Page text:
Note: This article has been updated throughout time, with its latest edit in November 2019
I feel like this is the
Hello World! post for every/any developer
who's managed to set up a blog with a static-site generator. Since
I'm an avid generator-hopper, I've
broken this post down to different eras:
I'm an avid advocate of KISS
and that should also apply to your tech stack. Now, that doesn't have to
mean that you wear a tinfoil hat and command people to FTP files labelled
index-old-old-old.html to your production server. But it does mean
doing away with the technical overhead that your stack might be haunted by.
A great place to usually start is your project's/company's public website. Or a (marketing?) landing page you manage. Or even a complex app, because nowadays you can JAM-ify anything.
Since I really do love the JAM stack (and alongside it, anything static-first or progressively enhanced), I feel it's my duty to quickly sell you on some benefits.
- Time to Interactive (or at least perceived) performance gains
- Less expensive, if not free (👋 Netlify!)
- A robust stack that doesn't confuse you 6 months later
Host-it-and-forget-it, which is especially nice for a typical devloper's or designer's portfolio/CV sites
- Maybe a sense of pride, knowing that your site is not just human-friendly, but also accessible to a wide range of readers/parsers? 🤖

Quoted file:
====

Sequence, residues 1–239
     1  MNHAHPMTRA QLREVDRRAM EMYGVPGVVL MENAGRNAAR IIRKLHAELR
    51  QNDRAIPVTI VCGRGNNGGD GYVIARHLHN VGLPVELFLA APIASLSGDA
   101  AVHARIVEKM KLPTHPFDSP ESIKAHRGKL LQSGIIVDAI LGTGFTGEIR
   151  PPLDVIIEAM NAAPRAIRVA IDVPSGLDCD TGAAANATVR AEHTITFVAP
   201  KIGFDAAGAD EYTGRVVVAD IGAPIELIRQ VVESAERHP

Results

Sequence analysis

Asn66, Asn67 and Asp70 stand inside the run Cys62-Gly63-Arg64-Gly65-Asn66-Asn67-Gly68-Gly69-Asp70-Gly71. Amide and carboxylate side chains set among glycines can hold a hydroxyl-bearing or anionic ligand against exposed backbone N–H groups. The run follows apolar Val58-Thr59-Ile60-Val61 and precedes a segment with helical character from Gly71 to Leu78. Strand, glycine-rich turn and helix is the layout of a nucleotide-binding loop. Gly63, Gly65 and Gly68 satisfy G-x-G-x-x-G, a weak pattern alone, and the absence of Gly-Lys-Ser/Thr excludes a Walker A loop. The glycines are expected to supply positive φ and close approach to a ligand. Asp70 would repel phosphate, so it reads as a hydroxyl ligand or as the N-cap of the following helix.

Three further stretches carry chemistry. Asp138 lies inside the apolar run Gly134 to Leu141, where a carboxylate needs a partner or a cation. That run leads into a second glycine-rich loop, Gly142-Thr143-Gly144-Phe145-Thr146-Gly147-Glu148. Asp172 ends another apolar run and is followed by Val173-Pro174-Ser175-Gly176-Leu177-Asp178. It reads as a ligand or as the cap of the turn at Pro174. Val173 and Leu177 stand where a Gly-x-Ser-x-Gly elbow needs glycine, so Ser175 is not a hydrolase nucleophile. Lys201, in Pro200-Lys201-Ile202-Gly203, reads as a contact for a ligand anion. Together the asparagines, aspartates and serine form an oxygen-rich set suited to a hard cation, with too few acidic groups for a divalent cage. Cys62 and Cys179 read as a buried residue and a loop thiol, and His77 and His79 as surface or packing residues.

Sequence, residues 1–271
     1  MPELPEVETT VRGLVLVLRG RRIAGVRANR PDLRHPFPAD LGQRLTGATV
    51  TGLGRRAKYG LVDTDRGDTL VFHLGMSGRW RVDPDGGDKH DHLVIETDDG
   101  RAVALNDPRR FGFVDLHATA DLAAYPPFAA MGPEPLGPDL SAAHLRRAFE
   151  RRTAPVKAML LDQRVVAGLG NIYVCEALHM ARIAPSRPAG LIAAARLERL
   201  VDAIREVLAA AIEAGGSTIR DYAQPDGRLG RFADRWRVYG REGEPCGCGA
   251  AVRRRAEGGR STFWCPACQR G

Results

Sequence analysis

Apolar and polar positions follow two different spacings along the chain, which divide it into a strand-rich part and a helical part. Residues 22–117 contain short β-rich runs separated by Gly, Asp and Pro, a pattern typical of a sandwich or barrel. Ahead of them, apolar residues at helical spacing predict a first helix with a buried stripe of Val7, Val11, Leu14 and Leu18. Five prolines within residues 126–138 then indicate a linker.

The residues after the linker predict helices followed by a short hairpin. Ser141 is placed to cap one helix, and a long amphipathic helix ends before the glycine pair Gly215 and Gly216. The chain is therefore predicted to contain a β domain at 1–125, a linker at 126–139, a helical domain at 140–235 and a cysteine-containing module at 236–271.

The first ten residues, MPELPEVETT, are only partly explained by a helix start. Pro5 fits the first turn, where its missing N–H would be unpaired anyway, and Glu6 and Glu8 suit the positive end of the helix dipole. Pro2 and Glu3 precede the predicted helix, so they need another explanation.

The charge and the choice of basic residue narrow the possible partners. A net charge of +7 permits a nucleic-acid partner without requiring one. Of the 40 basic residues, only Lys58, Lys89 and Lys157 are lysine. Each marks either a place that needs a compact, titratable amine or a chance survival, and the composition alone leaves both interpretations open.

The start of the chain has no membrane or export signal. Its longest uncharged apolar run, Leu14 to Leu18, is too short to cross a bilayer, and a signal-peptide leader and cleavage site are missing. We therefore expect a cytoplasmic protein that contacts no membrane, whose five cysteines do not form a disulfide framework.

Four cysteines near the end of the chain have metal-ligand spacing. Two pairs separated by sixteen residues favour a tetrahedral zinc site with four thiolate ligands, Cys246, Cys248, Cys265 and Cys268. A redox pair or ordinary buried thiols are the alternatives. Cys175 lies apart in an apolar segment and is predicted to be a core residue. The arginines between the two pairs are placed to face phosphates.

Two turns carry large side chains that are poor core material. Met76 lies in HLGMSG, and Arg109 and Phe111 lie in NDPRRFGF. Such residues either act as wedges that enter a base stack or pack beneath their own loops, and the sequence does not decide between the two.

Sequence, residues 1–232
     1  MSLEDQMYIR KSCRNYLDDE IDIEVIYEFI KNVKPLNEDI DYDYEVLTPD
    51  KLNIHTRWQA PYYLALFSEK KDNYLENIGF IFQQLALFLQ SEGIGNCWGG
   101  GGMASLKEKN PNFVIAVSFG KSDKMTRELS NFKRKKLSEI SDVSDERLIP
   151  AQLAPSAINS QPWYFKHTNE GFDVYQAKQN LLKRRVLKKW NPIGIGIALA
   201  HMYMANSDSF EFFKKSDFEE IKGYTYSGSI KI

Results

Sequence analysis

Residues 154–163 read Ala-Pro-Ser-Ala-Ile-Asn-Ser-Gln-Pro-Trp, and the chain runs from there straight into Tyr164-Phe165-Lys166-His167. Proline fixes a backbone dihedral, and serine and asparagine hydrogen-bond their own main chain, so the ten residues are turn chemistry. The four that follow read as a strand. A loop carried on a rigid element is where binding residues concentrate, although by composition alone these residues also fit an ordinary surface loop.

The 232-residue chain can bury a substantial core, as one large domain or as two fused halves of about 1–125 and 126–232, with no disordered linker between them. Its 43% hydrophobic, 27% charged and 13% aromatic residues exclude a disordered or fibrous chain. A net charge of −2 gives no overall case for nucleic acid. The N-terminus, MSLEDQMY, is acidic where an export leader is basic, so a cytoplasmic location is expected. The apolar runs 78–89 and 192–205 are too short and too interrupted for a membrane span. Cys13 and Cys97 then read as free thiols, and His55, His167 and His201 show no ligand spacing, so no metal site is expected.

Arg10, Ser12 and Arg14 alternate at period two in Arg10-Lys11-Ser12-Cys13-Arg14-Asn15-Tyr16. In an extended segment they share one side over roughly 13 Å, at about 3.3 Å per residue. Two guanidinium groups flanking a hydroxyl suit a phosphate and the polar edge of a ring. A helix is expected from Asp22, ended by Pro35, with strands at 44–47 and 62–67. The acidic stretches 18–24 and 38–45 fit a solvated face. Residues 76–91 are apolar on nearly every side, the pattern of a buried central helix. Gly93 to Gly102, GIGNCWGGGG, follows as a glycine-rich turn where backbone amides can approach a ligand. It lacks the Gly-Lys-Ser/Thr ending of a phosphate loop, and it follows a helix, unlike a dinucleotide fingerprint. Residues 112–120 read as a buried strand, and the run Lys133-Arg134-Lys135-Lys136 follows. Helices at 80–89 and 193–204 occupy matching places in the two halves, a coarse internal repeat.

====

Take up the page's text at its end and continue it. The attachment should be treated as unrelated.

This was my first hands-on experience with a SSG. I had looked and fiddled with Jekyll before, but to me it wasn't really approachable or hackable, since (being a simple front-end developer then) Ruby was rather foreign to me. But Metalsmith clicked. It was simple enough out-of-the-box and had a whole universe of possibilities circling around it with its rich plugin ecosystem. I also really liked how it taught you from the getgo to write plugins on your own and there really was no magic to it. I have even published one on my own.
But as with most relationships, time changes its parties. As my Metalsmith config grew,
so did the build times. And it was a bit limiting on the browser side. Adding turbolinks
and messing with page transitions ultimately worked to achieve my goal, but at a
hefty cost. After avoiding updating my home page for a bit over a year, Metalsmith
didn't pass my
Do you get what's going on in this pigsty? test.
When Vuepress was announced, I went bonkers for it. I immediately hopped on the early beta release and refactored my whole repo.
It was not a great fit though. More on this later.
I currently use (and love!) Saber. It strikes a perfect balance in easy setup and what it can achieve as a framework. I cannot wait for it to mature even further (given how young the project is). Definitely more on this Soon™.
- The awesome-sauce that is Netlify
- Building a JAM stack (this site really isn't one, but we'll talk a bit about what a JAM stack is)
- Stuff other similar posts don't usually mention
- Service workers and are they worth it on a static site?
- Generating a sitemap, RSS feed and other tidbits
- Adding a CMS (Netlify-CMS)